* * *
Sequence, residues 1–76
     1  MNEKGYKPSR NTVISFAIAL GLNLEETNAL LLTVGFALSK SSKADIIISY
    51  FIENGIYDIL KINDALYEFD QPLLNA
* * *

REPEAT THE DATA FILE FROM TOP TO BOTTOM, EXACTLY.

Sequence, residues 1–76
     1  MNEKGYKPSR NTVISFAIAL GLNLEETNAL LLTVGFALSK SSKADIIISY
    51  FIENGIYDIL KINDALYEFD QPLLNA